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Curr Opin Biotechnol. 1994 Feb;5(2):165-74.

Large-scale insect and plant cell culture.

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School of Chemical Engineering, Cornell University, Ithaca, New York 14853-5201.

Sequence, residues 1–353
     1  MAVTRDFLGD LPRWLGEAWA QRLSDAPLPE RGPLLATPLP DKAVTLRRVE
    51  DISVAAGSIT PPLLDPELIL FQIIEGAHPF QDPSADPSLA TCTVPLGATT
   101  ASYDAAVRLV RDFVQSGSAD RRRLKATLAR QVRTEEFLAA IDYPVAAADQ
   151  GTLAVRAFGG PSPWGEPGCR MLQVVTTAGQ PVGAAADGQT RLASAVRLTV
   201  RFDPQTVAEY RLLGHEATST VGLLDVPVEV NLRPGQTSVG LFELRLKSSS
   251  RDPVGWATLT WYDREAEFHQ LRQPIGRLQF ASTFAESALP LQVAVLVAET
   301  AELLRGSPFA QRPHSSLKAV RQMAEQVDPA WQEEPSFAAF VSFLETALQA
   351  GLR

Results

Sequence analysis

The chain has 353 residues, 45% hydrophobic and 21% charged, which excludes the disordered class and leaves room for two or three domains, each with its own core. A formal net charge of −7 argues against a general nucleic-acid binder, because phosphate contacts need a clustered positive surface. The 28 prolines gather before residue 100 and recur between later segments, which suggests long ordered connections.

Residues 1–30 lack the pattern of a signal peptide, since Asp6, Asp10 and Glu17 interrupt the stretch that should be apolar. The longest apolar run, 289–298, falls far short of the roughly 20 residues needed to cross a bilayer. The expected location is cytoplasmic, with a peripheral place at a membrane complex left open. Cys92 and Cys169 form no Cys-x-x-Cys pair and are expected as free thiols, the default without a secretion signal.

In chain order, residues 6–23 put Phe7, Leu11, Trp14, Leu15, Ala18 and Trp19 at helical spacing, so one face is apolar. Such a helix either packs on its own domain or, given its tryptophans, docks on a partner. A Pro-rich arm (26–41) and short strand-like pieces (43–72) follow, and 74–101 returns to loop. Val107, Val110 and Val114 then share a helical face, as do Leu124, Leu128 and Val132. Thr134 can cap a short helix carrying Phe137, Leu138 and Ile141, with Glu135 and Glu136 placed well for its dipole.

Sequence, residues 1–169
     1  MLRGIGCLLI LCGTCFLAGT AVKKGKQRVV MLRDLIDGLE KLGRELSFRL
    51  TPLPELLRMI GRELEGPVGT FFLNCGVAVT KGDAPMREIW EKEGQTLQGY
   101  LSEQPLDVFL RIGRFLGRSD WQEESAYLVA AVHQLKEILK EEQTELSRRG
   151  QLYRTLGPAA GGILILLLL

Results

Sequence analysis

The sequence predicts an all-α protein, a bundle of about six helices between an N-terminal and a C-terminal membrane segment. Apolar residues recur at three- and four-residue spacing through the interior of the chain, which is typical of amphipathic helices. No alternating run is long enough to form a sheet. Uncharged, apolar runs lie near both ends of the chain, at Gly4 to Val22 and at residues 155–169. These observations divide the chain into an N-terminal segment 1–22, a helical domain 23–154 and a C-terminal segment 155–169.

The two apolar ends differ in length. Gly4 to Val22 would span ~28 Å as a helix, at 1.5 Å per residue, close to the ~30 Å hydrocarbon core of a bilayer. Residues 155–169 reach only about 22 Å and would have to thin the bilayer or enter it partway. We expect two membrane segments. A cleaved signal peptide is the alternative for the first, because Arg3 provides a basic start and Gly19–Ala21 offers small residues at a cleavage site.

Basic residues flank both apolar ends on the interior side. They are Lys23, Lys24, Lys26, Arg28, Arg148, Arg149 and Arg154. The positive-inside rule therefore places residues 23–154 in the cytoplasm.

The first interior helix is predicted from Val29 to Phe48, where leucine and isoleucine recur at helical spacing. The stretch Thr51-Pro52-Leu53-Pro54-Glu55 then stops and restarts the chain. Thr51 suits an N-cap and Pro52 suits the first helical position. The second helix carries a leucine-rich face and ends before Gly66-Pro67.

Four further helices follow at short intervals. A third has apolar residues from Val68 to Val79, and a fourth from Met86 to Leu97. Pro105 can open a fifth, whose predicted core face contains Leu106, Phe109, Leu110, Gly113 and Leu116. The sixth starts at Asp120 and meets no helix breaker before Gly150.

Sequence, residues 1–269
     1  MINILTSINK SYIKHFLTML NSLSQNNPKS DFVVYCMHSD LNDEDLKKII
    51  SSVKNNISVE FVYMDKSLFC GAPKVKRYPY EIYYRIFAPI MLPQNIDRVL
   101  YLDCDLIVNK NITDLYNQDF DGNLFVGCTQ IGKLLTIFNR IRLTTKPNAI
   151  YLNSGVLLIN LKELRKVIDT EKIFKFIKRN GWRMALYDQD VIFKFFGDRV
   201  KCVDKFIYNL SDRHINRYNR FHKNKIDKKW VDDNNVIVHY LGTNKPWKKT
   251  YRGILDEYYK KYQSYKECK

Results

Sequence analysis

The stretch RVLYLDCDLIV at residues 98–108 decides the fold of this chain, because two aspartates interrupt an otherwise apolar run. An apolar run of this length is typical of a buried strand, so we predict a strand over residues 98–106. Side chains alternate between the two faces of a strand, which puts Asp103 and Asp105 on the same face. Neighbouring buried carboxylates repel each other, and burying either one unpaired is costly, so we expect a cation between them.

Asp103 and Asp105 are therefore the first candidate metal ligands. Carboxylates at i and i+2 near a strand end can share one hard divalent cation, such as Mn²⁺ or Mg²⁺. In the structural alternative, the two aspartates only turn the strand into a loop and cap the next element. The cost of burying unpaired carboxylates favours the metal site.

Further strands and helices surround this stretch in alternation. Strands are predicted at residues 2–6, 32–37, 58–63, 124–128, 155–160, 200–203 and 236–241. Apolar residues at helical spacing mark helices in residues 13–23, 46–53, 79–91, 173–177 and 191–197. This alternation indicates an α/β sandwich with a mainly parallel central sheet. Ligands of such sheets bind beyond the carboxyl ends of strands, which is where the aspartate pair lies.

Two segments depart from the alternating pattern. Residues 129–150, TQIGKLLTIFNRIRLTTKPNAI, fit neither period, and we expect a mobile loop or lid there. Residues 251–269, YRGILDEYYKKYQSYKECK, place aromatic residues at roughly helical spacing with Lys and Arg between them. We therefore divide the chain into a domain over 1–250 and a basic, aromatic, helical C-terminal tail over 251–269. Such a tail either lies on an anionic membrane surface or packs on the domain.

Currently, insect and plant cell cultures are not widely used to make products of commercial interest, largely because the development of large-scale cultivation methods is still in its infancy. With the advances made over the past year, some of the limitations associated with scale-up of these two types of expression system have been addressed. Increasing the oxygen supply and the concentration of various nutrients supplied to insect cells after infection has enabled high specific protein production to be maintained to higher cell densities than ever before, improving overall volumetric yields. Detailed work has focused on the capacity of insect cells to carry out complex post-translational modifications; however, as yet, evidence is conflicting as to the extent of protein processing and complex glycosylation possible in infected cells. In plant cell culture, the accepted axioms concerning large-scale culture have been re-examined. Recent studies have assessed culture at high cell densities and the constraints in reactor design resulting from the 'shear sensitivity' of plant cells. Results show that, as cell densities increase, alterations occur in the pathways of secondary metabolism, leading to decreases in specific productivity. The use of nutrient supplements and a medium cycling strategy shows promise for increasing and sustaining product formation. Furthermore, the importance of dissolved gas composition has been clearly demonstrated by use of a gas recirculation reactor. Reports of taxol and vindoline production in vitro demonstrate the potential and the necessity for further research in scale-up of plant cell culture.

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